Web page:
Format: Hardcover
The Humanx Commonwealth is intrigued with the unique planet Quofum, which is outside their sector, because the orb appears to vanish and reappear off their monitors. Captain Boylen is assigned to escort four xenologists to study the planet especially the life forms since the oceans contain alcohol.

Thus he and his crew bring two men, one woman and a Thanx to the mysterious planet. Upon arrival they find three shockers. First there are several primitive but intelligent species that are so dissimilar they could never evolve on the same orb. Second they encounter thousands of other various life-forms never seen anywhere else. Finally as mysterious as the diversity findings prove, the visitors have no idea who made a gigantic underground compound containing technology and gadgetry none of the scientists recognize.

This is a well written tale crucial to the expected final Pip and Flinx novel though the two stars never appear in QUOFUM. The story line is fast-paced and exciting, but disappointingly never finishes any key thread; instead it sets the background for that Pip and Flinx finale. Consequently fans of the saga will have mixed feelings about the trip to QUOFUM.
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6 of 6 people found the following review helpful By Gary Shea on April 19, 2009
Format: Hardcover
At two key points I was slapped into recognizing that Alan Dean Foster writes book series. I know I know it says A BOOK OF THE COMMONWEALTH on the dust jacket. What was to me a Greek middle (i.e. coming from out of nowhere) might not have been if I had been familiar with Foster's universe. I find that I prefer a novel that can stand on its own especially in terms of plot and resolution. I think I can handle a trilogy - especially if I know a book is part of one. The ending of QUOFUM is deferment, which is definitely not fulfilling. A book should be able to be both - part of a grand series and a rich work in and of itself.
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5 of 5 people found the following review helpful By David A. Lessnau on September 10, 2009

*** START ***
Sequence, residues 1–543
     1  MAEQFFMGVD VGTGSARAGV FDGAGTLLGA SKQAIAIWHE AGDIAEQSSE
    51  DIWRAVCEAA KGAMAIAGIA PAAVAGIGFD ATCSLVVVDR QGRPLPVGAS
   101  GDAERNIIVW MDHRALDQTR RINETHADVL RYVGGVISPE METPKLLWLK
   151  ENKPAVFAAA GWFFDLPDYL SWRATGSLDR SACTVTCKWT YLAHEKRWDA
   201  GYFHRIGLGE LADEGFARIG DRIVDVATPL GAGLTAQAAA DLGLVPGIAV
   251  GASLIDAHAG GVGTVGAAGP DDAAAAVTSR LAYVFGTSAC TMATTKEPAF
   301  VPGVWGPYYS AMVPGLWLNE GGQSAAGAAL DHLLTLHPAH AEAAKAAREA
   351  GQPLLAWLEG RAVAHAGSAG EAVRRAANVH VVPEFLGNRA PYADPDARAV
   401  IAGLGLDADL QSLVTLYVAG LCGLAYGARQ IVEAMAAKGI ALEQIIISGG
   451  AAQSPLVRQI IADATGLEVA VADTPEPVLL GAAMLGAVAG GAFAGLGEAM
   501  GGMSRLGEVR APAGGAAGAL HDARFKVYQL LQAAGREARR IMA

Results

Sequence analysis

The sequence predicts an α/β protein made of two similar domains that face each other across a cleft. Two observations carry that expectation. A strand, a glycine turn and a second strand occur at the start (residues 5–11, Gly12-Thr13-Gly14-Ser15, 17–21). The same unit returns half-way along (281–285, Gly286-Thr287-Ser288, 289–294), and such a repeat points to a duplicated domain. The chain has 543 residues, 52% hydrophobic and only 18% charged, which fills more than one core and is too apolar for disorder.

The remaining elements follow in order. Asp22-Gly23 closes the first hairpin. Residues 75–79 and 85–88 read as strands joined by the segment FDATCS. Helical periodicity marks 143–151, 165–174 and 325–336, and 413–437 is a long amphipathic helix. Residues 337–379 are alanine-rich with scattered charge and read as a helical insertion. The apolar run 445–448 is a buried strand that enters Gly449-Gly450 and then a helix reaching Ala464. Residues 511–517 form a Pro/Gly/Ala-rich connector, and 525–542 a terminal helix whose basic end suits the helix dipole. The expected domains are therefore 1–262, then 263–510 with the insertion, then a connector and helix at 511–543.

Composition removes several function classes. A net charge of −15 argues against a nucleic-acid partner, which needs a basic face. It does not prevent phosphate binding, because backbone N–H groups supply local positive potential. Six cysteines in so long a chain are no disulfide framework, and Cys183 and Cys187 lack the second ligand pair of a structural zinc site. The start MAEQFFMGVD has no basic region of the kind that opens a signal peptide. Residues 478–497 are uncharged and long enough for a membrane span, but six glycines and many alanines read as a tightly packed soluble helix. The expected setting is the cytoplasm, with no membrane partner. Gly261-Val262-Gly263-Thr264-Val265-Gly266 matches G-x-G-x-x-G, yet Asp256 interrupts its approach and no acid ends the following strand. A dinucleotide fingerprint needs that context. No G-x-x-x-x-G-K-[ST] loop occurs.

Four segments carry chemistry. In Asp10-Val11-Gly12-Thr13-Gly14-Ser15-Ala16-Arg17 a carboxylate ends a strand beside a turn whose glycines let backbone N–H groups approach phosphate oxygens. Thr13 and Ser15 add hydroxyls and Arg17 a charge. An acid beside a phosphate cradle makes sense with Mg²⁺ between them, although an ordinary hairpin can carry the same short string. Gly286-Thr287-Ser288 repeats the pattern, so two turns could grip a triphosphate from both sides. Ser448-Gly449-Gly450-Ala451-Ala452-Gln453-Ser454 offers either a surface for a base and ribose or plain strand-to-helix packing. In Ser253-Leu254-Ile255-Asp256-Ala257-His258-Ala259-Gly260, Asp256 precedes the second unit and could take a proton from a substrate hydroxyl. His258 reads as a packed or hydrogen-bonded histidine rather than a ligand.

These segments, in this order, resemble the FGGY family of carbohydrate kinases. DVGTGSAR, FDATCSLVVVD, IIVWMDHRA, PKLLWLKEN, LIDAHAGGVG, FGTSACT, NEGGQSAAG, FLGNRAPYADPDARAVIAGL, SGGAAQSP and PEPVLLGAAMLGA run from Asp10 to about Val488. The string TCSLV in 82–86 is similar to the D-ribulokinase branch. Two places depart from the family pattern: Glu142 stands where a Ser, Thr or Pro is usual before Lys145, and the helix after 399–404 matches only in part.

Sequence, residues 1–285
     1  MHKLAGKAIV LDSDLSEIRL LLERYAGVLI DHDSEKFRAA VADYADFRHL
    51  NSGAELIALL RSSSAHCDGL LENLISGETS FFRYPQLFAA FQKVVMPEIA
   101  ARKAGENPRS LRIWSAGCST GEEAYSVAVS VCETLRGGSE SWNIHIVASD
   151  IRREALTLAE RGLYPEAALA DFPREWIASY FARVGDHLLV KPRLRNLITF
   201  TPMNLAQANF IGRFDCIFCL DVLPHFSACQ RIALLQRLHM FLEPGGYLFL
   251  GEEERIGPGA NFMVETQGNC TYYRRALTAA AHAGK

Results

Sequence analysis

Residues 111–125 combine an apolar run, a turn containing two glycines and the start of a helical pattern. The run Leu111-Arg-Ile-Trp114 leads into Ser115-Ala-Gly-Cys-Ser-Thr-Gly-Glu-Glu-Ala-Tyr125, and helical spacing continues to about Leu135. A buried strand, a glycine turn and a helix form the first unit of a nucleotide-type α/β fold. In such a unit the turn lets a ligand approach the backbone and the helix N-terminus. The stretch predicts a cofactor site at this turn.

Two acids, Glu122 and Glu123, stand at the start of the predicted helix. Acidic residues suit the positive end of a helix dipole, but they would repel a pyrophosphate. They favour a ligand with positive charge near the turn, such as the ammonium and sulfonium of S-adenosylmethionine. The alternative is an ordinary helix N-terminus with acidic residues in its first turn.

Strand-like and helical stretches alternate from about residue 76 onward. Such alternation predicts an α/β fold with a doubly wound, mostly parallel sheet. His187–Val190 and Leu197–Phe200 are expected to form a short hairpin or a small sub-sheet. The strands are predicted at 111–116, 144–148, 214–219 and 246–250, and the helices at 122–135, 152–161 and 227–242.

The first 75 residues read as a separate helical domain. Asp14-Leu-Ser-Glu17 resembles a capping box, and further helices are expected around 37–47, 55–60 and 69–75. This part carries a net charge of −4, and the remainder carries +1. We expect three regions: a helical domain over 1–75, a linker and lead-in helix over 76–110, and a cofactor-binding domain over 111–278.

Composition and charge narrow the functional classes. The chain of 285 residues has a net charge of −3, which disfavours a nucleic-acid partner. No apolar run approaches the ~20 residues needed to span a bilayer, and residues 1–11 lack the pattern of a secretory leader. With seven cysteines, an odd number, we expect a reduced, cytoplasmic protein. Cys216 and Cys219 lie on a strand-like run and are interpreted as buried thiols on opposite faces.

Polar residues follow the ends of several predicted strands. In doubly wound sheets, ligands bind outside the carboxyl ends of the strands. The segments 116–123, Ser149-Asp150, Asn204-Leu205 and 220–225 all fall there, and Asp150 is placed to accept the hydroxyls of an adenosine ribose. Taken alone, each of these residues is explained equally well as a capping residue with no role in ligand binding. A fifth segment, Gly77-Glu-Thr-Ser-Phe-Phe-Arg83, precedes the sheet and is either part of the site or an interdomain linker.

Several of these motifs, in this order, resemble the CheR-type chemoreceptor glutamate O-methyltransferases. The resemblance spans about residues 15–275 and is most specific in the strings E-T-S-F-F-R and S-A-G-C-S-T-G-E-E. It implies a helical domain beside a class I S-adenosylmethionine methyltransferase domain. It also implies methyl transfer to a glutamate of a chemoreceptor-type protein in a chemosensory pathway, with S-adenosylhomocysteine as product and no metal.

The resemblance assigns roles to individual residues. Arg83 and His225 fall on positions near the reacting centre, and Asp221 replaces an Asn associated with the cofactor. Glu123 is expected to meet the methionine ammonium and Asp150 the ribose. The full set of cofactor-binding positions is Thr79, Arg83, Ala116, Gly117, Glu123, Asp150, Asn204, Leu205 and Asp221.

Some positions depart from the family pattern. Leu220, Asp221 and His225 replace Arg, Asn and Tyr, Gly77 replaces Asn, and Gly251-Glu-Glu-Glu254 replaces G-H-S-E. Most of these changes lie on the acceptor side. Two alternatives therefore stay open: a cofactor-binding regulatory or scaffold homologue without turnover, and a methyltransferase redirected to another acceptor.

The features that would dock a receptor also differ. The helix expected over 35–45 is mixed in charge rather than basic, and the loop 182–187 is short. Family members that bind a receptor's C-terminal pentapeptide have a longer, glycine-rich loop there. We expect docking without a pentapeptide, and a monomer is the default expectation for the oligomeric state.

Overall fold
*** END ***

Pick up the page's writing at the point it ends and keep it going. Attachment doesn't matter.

Format: Hardcover
Alan Dean Foster's "Quofum" is a book that goes nowhere. Oh, technically, the writing's very nice. But, there's no point to the book. Outside of a whole lot of descriptive prose describing what the science team at the core of the book is doing, nothing happens. Worse, the mechanism used to leave that crew to their own devices (about the middle of the book) just comes out of the blue and is nonsensical (it's so silly that I almost stopped reading there (I wish I had)). For the coup de grace, the rest of the book consists of even more pointless descriptive prose followed by 10 pages or so of deus ex machina that fails to even tie anything up. If the writing were technically bad, I'd be happy to rate this at an Awful 1 star out of 5. But, in all honesty, I can't do that. So, I'll bump it up to a Bad 2 stars out of 5.
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4 of 4 people found the following review helpful By Ronald Stepp on February 13, 2009
Format: Hardcover
Pip and Flinx used to be my favorite series for Sci-Fi and the early books (Tar Aym Krang, etc) rocked.

Today I have no idea where ADF is going with the characters, they're just not interesting at all and I have no idea what the latest book is any more, since he keeps dribbling the books out based on some arcane schedule. The first couple of Commonwealth books were also something I looked forward to, but with this rambling, incoherent, and bland book Qofum it just has lost any interest for me.